Romney: No pensions for abusers of public trust
Mitt Romney (R)
Former Governor, MA
Born: 03/12/1947
Birthplace: Michigan, CT
Home: Belmont, MA
Religion: Mormon
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URBANDALE, Iowa Presidential hopeful Mitt Romney, decrying ethical lapses in Washington and singling out fellow Republicans, on Thursday called for stripping the federal pensions from those convicted of using their office to abuse the public trust.

Campaigning in Iowa, the former Massachusetts governor said his proposal wasn't aimed at a specific individual but rather was a response to the deteriorating ethical climate in the nation's capital.

"Frankly, I'm particularly disappointed in our own," Romney said. "Maybe you expect it of Democrats. You shouldn't, I'm just kidding a little bit. I certainly don't expect it of Republicans."

Washington has been reeling from a series of scandals, from those involving former lobbyist Jack Abramoff to the conviction of Vice President Dick Cheney's aide I. Lewis "Scooter" Libby for lying and obstructing justice in a probe of the leak of a CIA operative's identity to the latest inquiry of Sen. Ted Stevens, R-Alaska.

Federal investigators are looking into Stevens' dealings with a wealthy oil field services contractor.

"I expect more of people in my own party. We speak about high ethical standards and we should be an example of those high ethical standards," Romney said.

In opening his latest trip to the first caucus state, Romney took a swipe at cities which have declared themselves sanctuaries from enforcement of immigration laws. As punishment, he suggested cutting at least some federal funding to these cities.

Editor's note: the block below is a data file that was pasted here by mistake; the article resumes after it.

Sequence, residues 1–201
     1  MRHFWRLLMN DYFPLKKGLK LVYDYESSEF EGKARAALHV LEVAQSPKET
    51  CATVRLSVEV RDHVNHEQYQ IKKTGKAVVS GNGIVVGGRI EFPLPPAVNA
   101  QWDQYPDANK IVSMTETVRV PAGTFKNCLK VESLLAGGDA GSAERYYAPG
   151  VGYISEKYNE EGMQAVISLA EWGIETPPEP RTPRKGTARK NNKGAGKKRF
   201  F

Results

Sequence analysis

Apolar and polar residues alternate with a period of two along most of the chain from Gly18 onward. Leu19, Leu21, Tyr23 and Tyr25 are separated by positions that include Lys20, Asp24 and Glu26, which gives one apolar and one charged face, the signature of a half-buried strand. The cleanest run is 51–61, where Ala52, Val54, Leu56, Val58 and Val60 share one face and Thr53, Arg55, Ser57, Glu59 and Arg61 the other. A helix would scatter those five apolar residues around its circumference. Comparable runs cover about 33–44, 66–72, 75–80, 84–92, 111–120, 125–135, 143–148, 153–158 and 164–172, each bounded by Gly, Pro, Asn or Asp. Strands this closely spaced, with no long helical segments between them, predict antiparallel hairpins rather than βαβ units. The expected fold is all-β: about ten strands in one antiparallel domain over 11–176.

"We're telling immigrants to come here and we won't follow the law," Romney said. "We send hundreds of millions of dollars to these cities, even billions. We ought to stop doing that."

Romney said he would examine what sort of funds could be halted. "It wouldn't be police funds or something of that nature," he said. "I'll look at the kind of money we're going to cut off."

He mentioned New York City, home to one of his rivals for the nomination, former mayor Rudy Giuliani. The city, however, has never officially declared itself a "sanctuary city."

Last month, New York Mayor Michael Bloomberg told Congress that the city protects residents' confidentiality when they report a crime or seek medical care or education, and its policy complies with the 1996 immigration law.

Romney offered his ethics proposal during a town hall-style meeting, and then expanded on it when he met with reporters afterward.

"In my view, those people who abuse the public trust while serving in government by virtue of committing a felony, should be stripped of their federal pensions," he said.

He said a similar law was on the books in Massachusetts when he was governor.

In pursuing the GOP nomination, Romney is casting himself as a Washington outsider and criticism of ethical missteps in the capital tends to resonate with voters. The recent scandals, however, have involved a significant number of Republicans and is considered one of the reasons for the GOP's loss of congressional control in last year's elections.

Romney said his proposal would apply to both elected officials and those who are appointed to serve in government.